“Intuition is at the core of many discoveries by great physicists,” says Reich, who is married to physicist Jeff Tollaksen, Director of the Institute for Quantum Studies at Chapman University. “When Yakir and I discuss the creative process, what comes up repeatedly is how to develop deep and true levels of intuition in order to make new discoveries. For instance, without formal training, Indian mathematician Srinivasa Ramanujan, whose life was depicted in the movie, The Man Who Knew Infinity, received while praying flashes of the most complex and amazing mathematical formulas that he wrote on the temple floor.”
For Reich, discovering Aharonov proved synchronistic when she met him in the late 1980s. Her mentor of many years, artist Marshall Glasier, had passed away, and she sought someone beyond the traditional art mentor.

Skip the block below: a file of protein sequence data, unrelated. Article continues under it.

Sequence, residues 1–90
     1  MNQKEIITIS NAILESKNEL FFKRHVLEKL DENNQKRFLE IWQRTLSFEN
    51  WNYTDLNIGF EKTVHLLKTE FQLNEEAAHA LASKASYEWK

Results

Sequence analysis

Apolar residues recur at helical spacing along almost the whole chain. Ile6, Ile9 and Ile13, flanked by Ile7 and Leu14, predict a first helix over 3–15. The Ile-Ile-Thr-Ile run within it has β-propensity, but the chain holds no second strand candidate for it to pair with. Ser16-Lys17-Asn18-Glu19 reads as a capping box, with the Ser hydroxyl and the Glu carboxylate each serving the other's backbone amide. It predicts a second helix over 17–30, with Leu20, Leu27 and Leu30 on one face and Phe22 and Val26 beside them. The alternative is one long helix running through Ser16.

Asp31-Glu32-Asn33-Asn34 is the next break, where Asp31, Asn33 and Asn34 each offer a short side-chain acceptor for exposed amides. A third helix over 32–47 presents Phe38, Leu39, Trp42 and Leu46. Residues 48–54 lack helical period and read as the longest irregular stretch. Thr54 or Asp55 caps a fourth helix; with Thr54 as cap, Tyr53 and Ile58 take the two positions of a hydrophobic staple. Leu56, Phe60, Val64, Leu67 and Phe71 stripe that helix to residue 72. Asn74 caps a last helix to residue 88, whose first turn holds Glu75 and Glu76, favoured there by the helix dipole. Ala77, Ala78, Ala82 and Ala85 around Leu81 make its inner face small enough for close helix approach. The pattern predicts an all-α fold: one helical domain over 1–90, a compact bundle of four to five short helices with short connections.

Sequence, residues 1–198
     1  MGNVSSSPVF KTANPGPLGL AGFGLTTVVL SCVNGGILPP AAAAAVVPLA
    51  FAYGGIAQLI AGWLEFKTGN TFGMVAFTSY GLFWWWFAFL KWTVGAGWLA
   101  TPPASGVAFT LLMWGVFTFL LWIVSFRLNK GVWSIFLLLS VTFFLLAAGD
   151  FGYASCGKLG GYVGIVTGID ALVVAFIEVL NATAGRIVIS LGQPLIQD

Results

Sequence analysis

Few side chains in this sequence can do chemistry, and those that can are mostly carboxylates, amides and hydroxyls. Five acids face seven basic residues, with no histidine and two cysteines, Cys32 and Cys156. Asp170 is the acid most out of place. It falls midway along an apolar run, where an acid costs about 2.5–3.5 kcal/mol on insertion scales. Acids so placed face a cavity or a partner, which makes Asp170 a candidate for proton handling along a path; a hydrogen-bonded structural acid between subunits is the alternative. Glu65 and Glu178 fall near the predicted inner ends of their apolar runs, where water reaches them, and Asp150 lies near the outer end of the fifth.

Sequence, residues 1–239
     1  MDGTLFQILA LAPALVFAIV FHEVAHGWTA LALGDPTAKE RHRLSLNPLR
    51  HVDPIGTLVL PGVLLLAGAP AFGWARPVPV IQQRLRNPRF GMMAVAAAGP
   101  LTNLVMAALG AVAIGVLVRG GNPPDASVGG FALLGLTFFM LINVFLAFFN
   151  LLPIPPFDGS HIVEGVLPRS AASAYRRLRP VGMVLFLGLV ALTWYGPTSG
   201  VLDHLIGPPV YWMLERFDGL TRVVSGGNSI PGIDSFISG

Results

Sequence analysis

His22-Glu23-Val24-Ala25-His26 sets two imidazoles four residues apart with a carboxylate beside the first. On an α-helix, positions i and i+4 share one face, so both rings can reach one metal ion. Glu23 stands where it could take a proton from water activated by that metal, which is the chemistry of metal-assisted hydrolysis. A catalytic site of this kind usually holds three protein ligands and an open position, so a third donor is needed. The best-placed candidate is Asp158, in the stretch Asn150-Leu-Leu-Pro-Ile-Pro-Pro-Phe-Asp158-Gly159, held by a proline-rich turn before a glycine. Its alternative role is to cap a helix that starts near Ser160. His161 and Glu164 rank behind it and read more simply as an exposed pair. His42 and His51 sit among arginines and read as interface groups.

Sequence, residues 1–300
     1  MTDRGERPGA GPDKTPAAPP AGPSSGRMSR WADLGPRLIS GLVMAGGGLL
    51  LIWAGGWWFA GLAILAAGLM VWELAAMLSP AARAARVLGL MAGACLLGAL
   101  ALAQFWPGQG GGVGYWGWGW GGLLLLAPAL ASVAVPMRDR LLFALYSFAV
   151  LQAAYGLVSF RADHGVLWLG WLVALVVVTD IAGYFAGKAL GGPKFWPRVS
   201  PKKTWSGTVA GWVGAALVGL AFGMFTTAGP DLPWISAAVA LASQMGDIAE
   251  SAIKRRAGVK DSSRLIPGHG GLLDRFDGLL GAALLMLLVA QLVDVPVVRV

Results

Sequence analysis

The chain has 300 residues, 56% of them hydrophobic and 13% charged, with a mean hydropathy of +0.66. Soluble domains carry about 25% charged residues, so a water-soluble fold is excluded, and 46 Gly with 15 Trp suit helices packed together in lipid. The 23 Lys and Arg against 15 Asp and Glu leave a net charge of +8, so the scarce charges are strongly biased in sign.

“I had tried studying with many teachers, but, with the exception of Marshall, I found they wished to emphasize technique. Creativity isn’t a technical skill. Art is about your soul—it transcends the mundane and takes on a metaphysical aspect. As Einstein said, ‘Imagination is more important than knowledge. For knowledge is limited to all we now know and understand, while imagination embraces the entire world, and all there ever will be to know and understand.’ ”
The Keys to Creativity
Reich became a student of Aharonov’s when her husband began working with him as a graduate student. “Rather than study physics with Yakir, I looked at the creative process in terms of the geniuses of the world and their use of an incredibly deep level of intuition,” she says. “While doing so, I accessed my true voice and authentic process, and that enabled me to sustain integrity in my work.”